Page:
Tying It All Together
Today, the intersections between AI and religion are myriad. Big Data analysis tools from the business world have valuable implications for religious organizations. New products are improving accessibility and digitizing physical assets. However, religious groups face some barriers to fully embracing AI, most notably their less favorable attitudes toward innovation and change, and a fear of the unknown.
Fully embracing weak AI will require strong leadership with a clear goal and solid vision, as well as efficient data organization processes (Fountaine et al, 2019). This leadership must adequately explain the why, balance feasibility and value, and anticipate unique barriers. Moreover, it is not yet clear how religion may intersect with strong AI in the future, but many individuals already see the potential for spirituality in machine consciousness, whether that be through the creation of souls or the worship of an algorithm.
If these intersections grow and multiply, data scientists and religious individuals alike must continue to question how and why data is used. Religion informs the way we live, what we do, and how we treat others. Unethical AI employed in the name of religion could victimize people in many ways such as financially targeting congregants to fund the aspirations of a church leader, outing private personal problems identified by Google searches, or using contact data to spread hateful messages fueled by religious rhetoric. Religious organizations, like other entities impacted by AI, must keep a mindful eye on the frameworks of new technologies. Certainly, AI can bring great benefits. Like a child, however, religious groups need to guide it and ensure an ethical structure leads its growth.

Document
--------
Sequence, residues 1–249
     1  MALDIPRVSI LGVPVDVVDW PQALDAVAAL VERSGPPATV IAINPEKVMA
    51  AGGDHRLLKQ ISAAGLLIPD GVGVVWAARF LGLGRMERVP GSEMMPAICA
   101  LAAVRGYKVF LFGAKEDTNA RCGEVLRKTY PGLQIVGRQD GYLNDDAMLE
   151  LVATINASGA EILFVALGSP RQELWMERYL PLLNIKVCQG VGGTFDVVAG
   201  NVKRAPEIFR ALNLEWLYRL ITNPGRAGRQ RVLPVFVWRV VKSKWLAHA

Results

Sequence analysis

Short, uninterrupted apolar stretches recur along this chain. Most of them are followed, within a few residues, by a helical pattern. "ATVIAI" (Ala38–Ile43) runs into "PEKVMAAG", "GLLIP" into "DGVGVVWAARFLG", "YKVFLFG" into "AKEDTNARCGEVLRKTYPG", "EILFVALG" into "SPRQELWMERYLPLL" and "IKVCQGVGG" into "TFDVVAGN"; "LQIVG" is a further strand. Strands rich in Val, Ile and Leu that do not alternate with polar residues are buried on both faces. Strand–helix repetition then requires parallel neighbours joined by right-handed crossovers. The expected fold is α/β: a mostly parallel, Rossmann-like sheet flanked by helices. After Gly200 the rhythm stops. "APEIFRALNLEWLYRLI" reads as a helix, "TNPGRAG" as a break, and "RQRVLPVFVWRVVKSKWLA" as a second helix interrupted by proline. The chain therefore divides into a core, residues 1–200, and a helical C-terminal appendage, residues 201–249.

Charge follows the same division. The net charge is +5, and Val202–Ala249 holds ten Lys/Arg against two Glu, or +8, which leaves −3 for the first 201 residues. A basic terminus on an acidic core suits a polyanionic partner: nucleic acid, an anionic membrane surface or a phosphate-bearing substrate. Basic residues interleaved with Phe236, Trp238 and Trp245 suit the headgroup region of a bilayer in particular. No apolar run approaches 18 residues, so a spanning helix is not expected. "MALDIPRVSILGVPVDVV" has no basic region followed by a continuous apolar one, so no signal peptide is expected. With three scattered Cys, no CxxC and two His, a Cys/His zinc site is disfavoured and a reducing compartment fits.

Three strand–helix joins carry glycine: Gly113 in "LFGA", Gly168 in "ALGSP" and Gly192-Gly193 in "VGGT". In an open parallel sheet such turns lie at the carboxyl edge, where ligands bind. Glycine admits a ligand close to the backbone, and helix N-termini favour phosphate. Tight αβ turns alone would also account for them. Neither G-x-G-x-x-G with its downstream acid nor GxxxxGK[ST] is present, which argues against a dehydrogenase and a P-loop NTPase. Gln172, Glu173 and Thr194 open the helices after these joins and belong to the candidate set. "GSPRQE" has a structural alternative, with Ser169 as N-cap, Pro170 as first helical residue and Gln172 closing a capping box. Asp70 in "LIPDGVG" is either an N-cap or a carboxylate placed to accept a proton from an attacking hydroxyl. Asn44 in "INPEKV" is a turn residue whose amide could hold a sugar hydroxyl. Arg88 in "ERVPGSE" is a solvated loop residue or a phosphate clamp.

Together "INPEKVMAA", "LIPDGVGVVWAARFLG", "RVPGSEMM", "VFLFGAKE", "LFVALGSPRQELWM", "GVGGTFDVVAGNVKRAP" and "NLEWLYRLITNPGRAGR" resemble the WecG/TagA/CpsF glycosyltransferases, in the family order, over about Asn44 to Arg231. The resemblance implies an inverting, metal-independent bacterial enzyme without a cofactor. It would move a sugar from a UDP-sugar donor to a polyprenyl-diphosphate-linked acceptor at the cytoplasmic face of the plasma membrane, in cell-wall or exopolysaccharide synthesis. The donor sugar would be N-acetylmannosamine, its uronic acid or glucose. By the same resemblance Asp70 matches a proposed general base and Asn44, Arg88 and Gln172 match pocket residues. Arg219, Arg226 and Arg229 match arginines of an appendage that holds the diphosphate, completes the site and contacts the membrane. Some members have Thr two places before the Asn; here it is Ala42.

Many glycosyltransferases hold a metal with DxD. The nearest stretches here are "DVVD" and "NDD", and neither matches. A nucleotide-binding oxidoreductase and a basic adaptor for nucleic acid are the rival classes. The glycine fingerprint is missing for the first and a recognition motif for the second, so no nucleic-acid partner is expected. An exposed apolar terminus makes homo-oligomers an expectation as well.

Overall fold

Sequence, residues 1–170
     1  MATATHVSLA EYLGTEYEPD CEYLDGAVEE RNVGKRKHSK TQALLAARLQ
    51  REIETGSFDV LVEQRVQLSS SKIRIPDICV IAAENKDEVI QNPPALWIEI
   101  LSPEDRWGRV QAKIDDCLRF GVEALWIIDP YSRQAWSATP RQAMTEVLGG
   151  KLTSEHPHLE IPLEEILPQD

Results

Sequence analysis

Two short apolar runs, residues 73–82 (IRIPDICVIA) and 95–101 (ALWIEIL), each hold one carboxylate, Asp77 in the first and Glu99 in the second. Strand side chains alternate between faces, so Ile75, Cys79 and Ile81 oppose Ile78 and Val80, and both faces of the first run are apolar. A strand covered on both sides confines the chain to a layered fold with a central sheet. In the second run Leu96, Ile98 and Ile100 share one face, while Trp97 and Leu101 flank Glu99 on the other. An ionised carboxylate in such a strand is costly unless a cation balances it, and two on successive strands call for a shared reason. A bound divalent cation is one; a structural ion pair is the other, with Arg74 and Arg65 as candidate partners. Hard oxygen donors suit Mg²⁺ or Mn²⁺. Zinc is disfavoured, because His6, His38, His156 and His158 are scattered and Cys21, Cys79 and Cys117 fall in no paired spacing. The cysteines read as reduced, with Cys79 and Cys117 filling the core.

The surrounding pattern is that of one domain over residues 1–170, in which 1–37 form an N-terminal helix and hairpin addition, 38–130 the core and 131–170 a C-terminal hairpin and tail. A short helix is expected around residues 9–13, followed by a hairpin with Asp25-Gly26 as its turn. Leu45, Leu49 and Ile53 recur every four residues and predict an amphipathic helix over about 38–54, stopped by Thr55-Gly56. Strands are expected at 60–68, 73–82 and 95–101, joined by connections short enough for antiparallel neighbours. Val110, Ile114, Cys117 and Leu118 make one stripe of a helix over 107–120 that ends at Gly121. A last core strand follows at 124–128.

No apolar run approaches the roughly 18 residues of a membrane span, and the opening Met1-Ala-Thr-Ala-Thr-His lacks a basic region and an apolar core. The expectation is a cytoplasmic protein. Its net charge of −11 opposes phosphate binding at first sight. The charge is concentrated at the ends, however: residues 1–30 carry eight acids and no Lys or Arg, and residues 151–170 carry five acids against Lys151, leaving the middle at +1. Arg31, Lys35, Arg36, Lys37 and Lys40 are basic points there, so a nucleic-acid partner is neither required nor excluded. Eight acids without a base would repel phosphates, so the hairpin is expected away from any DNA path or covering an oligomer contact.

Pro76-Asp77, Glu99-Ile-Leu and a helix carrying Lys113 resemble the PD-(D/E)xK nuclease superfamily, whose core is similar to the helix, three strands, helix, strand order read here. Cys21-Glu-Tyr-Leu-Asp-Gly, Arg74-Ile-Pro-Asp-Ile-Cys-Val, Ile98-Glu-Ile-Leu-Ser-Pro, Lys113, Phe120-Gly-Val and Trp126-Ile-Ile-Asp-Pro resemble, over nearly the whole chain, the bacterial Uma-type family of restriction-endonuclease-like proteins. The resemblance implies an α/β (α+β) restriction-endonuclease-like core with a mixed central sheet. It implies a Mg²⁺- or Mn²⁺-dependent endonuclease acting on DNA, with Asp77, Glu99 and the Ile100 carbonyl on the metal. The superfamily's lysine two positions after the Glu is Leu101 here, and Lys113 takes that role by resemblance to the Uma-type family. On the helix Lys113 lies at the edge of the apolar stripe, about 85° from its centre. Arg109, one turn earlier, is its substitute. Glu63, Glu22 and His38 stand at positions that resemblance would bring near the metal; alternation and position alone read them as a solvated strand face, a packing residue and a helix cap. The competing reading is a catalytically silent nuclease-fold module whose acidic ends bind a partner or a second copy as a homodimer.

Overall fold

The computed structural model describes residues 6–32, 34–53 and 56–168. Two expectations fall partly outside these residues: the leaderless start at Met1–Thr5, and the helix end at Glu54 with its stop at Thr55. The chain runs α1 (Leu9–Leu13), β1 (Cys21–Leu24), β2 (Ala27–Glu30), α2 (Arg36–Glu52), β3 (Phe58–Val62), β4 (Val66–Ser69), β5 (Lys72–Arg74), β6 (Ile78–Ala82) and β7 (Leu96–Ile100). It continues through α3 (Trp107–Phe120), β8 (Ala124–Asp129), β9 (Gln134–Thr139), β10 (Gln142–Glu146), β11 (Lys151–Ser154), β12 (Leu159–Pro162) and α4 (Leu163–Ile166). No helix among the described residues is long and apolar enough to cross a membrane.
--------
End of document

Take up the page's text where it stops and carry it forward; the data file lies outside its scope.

- Asimov, Isaac. “The Last Question.” Science Fiction Quarterly, Nov. 1956.
- Benabout, Roland, et al. “Open Scholar @ Princeton.” Open Scholar @ Princeton, Princeton University, 2015, scholar.princeton.edu/sites/default/files/rbenabou/files/pp-article_7.pdf.
- Browne, Ryan. “Five of the Scariest Predictions about Artificial Intelligence.” CNBC, CNBC, 1 Aug. 2018, http://www.cnbc.com/2018/08/01/five-of-the-scariest-predictions-for-ai.html.
- Duffer, Ellen. “As Artificial Intelligence Advances, What Are Its Religious Implications?” Religion & Politics, 23 Jan. 2020, religionandpolitics.org/2017/08/29/as-artificial-intelligence-advances-what-are-its-religious-implications/.